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Cashew Carob Fudge Balls

I don’t know about you, but when the time is right, I can develop an atrocious sweet tooth. It’s unfortunate that my gastrointestinal tract and my brain don’t always agree — although it makes sense because they both have minds of their own (excuse me while I nerd out). My joke stems from the fact that we all have a central nervous system (brain + spinal cord) as well as an enteric nervous system (in the gut).

Okay, I’ll spare you the science and get to the good stuff. Life is short. As a degreed nutritionist, I think it’s equally as important to enjoy food and savor the fleeting moments of life as it is to be mindful of what you’re eating and consume foods in a balance. This to me is what eating healthy should look like. You can have a damn cupcake, but for goodness sake make sure it’s made of real food.

Carob Cashew balls 1

Sounds easy enough, right? It’s actually much simpler than you’d think. The food and marketing industries combined will lead you to believe otherwise, but trust me. They’re wrong (and also really wealthy and therefor find it easy to persuade you). You can totally make your own comfort food to be nutritious and still taste wonderfully satisfying.

I don’t crave chocolate often. In fact, it wasn’t until a few years ago that I even desired chocolate at all. Growing up I hated the stuff. All I wanted were the sugar coated, brightly color gummy candies. Don’t get me wrong, I still enjoy an infrequent Sour Patch Kid, but they’re much more difficult to create yourself.

I’m cutting caffeine out of my life for a few weeks, but I was craving something chocolatey with a salty sweet kick. I decided to whip up these cashew carob balls instead because carbo contains zero caffeine and is a perfect substitute for chocolate.

Carob Cashew balls 2

Cashew Carob Fudge Balls

INGREDIENTS

  • 12 Tbsp cashew butter
  • 4 Tbsp carob powder (plus more for rolling and dusting)
  • 4 Tbsp local, raw honey
  • 2-3 vanilla bean pods (may use extract)
  • 1/4 tsp sea salt

DIRECTIONS

  1. You may find that the cashew butter separates, leaving a layer of oil at the top. Do your best to mix the cashew butter up so it’s homogenous and creamy. I find that using a butterknife works best to mix it. Scoop out the 12 Tbsp cashew butter and place in a small or medium food processor.
  2. Next, add all other ingredients to the food processor.
  3. Process all ingredients until they combine and form a somewhat gritty mass (see photo below). You may have to scrape the sides down and continue to process a couple times.
  4. Prepare a shallow bowl with some carob powder. You will most likely need to to roll your balls in this extra powder to help prevent sticking.
  5. Once well combined, roll out into 1-1.5 inch balls using your hands. Toss in the carob powder bowl if you find they’re too sticky.
  6. Place each finished ball on a cookie sheet lined with parchment paper (make sure it will fit in your freezer). You should be able to make 14-16 balls, depending on size.
  7. Freeze for at least 4 hours, or overnight. Dust with extra carob powder when serving. Let thaw for 5 minutes before eating. Enjoy!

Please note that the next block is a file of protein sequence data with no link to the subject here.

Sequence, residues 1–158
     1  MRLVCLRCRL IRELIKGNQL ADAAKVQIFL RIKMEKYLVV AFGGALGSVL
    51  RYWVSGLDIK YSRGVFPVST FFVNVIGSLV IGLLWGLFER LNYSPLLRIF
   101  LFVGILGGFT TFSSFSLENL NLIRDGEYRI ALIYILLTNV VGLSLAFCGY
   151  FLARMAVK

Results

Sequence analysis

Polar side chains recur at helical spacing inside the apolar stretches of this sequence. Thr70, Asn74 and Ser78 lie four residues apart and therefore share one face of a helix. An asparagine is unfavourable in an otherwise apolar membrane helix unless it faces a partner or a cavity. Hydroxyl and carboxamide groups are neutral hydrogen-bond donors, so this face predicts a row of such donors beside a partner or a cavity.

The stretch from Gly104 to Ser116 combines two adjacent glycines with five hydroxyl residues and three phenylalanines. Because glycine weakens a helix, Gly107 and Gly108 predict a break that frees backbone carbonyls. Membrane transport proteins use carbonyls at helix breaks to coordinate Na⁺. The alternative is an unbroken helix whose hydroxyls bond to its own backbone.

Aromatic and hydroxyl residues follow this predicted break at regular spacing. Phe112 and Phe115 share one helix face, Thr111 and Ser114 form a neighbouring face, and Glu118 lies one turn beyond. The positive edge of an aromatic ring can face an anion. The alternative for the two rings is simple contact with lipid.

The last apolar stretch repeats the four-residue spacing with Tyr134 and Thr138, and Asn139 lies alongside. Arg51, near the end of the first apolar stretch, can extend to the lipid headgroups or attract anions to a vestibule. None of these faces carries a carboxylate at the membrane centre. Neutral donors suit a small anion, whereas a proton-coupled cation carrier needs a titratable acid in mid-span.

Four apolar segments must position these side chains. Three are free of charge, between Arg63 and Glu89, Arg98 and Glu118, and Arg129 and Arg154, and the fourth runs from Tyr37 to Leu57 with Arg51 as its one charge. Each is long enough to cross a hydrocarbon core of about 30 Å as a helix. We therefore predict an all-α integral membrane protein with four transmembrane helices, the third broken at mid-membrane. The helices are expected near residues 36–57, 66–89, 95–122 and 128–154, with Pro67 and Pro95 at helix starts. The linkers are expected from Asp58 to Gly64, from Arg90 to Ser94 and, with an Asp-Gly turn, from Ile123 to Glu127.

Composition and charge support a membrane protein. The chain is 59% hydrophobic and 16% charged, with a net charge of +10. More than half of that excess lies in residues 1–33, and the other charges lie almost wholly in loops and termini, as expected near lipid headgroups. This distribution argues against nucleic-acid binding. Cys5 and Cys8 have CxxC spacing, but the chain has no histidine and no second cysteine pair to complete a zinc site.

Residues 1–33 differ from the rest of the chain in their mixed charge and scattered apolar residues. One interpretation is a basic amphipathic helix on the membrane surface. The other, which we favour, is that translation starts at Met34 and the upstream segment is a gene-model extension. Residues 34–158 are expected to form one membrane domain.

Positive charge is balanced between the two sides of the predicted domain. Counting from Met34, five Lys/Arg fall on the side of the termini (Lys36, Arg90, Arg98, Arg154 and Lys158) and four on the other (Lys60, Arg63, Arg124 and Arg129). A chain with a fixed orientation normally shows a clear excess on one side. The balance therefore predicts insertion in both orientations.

Notes: I used a magic bullet to process my carob cashew fudge balls, but I recommend using a food processor as it is much easier to get all the ingredients blended together. It is possible to use a magic bullet, but it’s a challenge to get the cashew butter to not stick to the bottom of the bullet (which becomes the top when you have to flip it over to blend).

Carob cashew balls 3

I love this recipe because it’s simple, sweet and packed with vitamins, minerals, fiber, protein, healthy fats and even some antioxidants. The cashew butter delivers vitamins E, K and B6 as well as the minerals copper, magnesium, phosphorus, zinc, iron and selenium.

Copper and iron work together to produce red blood cells and ensure proper function. This is especially important throughout pregnancy, when a women’s blood volume basically doubles.

Carob cashew balls 4

Carob is a nutritious substance that comes from pods that grow on carob trees. Similar to chocolate, the pods are dried and roasted before being ground and used in foods. It has a uniquely sweet taste which makes it a great swap for chocolate lovers looking for something more dynamic tasting.

For women who don’t consume dairy, carob contains calcium and is a good plant source of this super important mineral. Two tablespoons of carob powder contains roughly 42 mg of calcium. That same amount of carob powder also contains 5 grams of fiber, about 20% of the RDA. It’s naturally gluten and caffeine-free and offers antioxidants in the form of gallic acid and flavonoids.

Carob cashew balls 5

These sweet fudge-y balls are sure to please your taste buds and fuel your body (pregnant or not)! If you try it out, I’d love to hear how it went. If you get brave and experiment at all, please comment here to let us know what you added and how it turned out. You can also share a photo of your creation on Instagram and use the hashtag #tfg_cashewcarob

Happy ballin’!

xo,

Natalie

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4 thoughts on “Cashew Carob Fudge Balls”

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